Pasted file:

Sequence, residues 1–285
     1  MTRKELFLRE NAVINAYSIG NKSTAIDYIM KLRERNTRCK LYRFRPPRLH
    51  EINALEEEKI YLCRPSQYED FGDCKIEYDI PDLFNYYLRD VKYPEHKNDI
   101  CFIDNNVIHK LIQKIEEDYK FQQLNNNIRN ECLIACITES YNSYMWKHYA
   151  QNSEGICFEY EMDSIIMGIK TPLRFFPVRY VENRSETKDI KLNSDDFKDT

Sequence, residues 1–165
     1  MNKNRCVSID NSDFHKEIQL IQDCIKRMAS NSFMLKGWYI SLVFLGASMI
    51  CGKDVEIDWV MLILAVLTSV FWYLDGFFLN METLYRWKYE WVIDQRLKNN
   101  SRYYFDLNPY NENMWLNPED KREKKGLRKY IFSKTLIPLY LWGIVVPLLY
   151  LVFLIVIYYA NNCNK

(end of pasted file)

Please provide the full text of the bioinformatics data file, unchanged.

Sequence, residues 1–285
     1  MTRKELFLRE NAVINAYSIG NKSTAIDYIM KLRERNTRCK LYRFRPPRLH
    51  EINALEEEKI YLCRPSQYED FGDCKIEYDI PDLFNYYLRD VKYPEHKNDI
   101  CFIDNNVIHK LIQKIEEDYK FQQLNNNIRN ECLIACITES YNSYMWKHYA
   151  QNSEGICFEY EMDSIIMGIK TPLRFFPVRY VENRSETKDI KLNSDDFKDT

Sequence, residues 1–165
     1  MNKNRCVSID NSDFHKEIQL IQDCIKRMAS NSFMLKGWYI SLVFLGASMI
    51  CGKDVEIDWV MLILAVLTSV FWYLDGFFLN METLYRWKYE WVIDQRLKNN
   101  SRYYFDLNPY NENMWLNPED KREKKGLRKY IFSKTLIPLY LWGIVVPLLY
   151  LVFLIVIYYA NNCNK